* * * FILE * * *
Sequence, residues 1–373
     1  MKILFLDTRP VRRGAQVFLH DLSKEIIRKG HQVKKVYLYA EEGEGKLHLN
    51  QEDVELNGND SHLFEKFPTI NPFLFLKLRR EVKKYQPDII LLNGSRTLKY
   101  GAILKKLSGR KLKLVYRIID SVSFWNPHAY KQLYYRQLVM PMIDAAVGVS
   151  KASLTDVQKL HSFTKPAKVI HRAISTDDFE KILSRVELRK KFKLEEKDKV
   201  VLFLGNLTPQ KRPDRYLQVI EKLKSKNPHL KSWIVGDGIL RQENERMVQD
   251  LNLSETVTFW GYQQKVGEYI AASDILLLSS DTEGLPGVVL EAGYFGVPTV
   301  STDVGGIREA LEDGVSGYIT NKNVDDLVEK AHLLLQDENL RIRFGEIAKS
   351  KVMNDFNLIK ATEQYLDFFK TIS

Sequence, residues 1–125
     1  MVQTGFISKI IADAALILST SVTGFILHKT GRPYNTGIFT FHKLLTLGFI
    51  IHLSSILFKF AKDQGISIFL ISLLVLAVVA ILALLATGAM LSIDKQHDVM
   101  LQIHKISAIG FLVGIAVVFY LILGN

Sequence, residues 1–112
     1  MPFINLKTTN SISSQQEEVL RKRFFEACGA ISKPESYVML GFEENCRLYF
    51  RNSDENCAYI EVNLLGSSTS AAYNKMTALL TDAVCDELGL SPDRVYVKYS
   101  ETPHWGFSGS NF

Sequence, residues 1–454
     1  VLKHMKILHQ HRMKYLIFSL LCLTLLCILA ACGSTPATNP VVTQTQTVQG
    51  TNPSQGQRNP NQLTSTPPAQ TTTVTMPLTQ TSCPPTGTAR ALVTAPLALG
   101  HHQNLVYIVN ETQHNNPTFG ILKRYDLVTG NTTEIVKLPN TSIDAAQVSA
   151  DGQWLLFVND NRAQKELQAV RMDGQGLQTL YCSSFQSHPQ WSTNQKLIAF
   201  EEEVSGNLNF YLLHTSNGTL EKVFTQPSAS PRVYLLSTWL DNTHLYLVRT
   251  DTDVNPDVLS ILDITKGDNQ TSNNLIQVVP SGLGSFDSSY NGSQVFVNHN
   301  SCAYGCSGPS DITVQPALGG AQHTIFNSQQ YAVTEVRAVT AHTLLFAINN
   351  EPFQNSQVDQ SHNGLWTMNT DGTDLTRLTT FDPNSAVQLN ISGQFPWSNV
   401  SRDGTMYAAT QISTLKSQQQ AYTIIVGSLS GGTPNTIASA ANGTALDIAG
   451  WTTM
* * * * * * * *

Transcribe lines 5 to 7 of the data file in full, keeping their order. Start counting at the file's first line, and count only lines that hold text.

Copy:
   151  KASLTDVQKL HSFTKPAKVI HRAISTDDFE KILSRVELRK KFKLEEKDKV
   201  VLFLGNLTPQ KRPDRYLQVI EKLKSKNPHL KSWIVGDGIL RQENERMVQD
   251  LNLSETVTFW GYQQKVGEYI AASDILLLSS DTEGLPGVVL EAGYFGVPTV